We Make the Road by Walking: Conversations on Education and Social Change by Myles Horton and Paulo Freire can teach us the process. The New Jim Crow by Michelle Alexander can provide our common curriculum.

January 10, 2014

While the trains run to Buchenwald

GUEST: Adam Roufberg, local human rights activist, peace researcher and radio show host, talks about his recent trip to Switzerland and the West Bank to gather support for Youth, Art & Levante of Palestine.
Adam and I were motivated by the same person, Yonaton Shapira:

Yonaton spoke at Bard College and then on Adam's radio program (along with Tarak Kauff and myself). Yonaton's courage and patient belief in the progress of human rights for Palestinians set an example that is as inspiring as it is impossible to follow. But Adam and I both believe that we can do our part in exposing the illegal and immoral occupation of the West Bank and Gaza, as well as the long standing racist abuse that is part of daily life for millions of Palestinian people.

Gary and I have discussed whether we are spending too much time on Israel. Is it part of what ClassWars and Activist Radio was supposed to accomplish? Is Israeli and US imperialism part of class wars?

Of course, we have taken ClassWars and its radio program in many directions. Even a quick review of this blog, or of our Facebook page at https://www.facebook.com/classwars shows how many topics we have covered. Palestine, however, is a frequent topic, especially in the last several years. In part it is because I tend know about interesting guests from my work with the Middle East Crisis Response in the Hudson Valley http://www.mideastcrisis.org.

More than my access to potential guests working for human rights in Palestine, however, is the fact that Israel's brutal occupation of Palestine is a microcosm by which we can understand US imperialism in the world. The empire is the antithasis of democracy in its use of racism and militarism to benefit the very few, the criminals who run these invasions and occupations in our name. Israel, like most colonies, embodies the evils of imperialsim with less subterfuge. Looking in the mirror of Israel, we can see our own society, ignorant of what is being done, hopeful that our lives will go on without having to think about other people's suffering. We are the "good Germans" while the trains run to Buchenwald.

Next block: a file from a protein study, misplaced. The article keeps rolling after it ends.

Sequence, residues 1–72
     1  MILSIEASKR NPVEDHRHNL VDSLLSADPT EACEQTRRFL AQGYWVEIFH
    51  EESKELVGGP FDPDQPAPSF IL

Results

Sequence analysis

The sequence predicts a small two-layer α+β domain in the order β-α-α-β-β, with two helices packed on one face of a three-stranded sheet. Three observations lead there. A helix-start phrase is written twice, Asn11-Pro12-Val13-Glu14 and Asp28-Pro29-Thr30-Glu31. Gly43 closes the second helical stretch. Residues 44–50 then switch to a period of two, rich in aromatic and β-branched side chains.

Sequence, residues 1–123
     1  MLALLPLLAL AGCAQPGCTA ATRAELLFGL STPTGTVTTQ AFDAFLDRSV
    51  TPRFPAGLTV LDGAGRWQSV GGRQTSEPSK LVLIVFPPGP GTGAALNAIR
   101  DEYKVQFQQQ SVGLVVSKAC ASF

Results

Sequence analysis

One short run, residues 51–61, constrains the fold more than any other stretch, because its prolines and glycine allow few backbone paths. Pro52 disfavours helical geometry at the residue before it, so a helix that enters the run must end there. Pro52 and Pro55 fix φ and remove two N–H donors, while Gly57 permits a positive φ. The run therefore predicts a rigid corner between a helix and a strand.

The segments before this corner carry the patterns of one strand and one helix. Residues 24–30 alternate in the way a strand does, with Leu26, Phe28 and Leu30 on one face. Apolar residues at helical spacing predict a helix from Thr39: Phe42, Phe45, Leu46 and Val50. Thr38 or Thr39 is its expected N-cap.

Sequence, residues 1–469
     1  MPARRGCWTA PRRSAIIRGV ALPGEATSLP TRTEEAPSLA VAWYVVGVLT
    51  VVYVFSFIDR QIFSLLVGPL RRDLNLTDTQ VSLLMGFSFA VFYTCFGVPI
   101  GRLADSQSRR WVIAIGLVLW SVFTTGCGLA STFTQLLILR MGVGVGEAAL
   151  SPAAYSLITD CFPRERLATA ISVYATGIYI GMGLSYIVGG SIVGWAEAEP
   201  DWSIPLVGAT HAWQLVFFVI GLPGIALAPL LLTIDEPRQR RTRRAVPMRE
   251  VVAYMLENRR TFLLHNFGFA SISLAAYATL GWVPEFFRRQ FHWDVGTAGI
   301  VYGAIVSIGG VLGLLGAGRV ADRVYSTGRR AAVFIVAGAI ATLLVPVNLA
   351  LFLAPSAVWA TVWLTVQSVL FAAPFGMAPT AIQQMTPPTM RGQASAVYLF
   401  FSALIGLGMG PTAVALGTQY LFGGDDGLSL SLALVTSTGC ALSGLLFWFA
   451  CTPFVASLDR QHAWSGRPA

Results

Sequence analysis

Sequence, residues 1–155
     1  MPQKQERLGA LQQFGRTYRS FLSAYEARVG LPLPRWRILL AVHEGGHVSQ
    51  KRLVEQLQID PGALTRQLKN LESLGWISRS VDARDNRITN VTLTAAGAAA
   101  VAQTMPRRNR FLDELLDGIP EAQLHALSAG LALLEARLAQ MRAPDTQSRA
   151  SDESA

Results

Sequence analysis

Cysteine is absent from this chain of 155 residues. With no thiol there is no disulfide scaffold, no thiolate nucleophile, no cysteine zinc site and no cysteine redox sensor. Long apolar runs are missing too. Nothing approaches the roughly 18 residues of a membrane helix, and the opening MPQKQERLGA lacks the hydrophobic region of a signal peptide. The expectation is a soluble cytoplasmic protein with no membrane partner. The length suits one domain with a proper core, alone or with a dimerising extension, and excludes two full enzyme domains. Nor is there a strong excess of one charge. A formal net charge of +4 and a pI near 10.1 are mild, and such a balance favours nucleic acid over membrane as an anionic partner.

January 4, 2014

Understanding the journey

GUEST: Rami Efal is an Israel born activist whose grandparents survived the holocaust and who served in the Israeli army as a criminal investigator and a guard at a maximum security prison for Palestinians. We talk about his recent peace-building activities, including an interfaith international retreat at Auschwitz-Birkenau with Germans, Poles and Palestinians from the West Bank.

We have had Rami on the program before, so we were especially interested in talking to him when he returned from an international retreat at Auschwitz.

The Holocaust casts its shadow on Palestine. The unthinkable horror of what the Germans did to the Jews during World War II remains the irrational motive behind much of the world's support for Israel, the apartheid regime whose policies towards Palestinians seem at times to come straight from the Third Reich. 

Never again for the Jewish people, or never again for all of humanity? Those are the two conflicting messages of the Holocaust. The first message is used to excuse the militarism and racism that Israel directs towards the Palestinian people, who were ethnically cleansed from their homeland. No barbarism is too great if it protects the Jewish people from another Auschwitz.

The second message is for the world. No people should ever again be treated like animals, stripped of their land, locked in prisons, humiliated, and murdered by a racist state. One's hope for peace in the world depends on the second message. We will treat each other like human beings or we will annihilate our species.

However we can transition from the first message of the Holocaust to the second is worth pursuing. A Zen retreat to Auschwitz-Birkenau will move some people in its exploration of suffering, guilt, and transformation. Rami was the perfect guest to take us there. Unsparingly honest about his feelings, he understands the journey that must be made.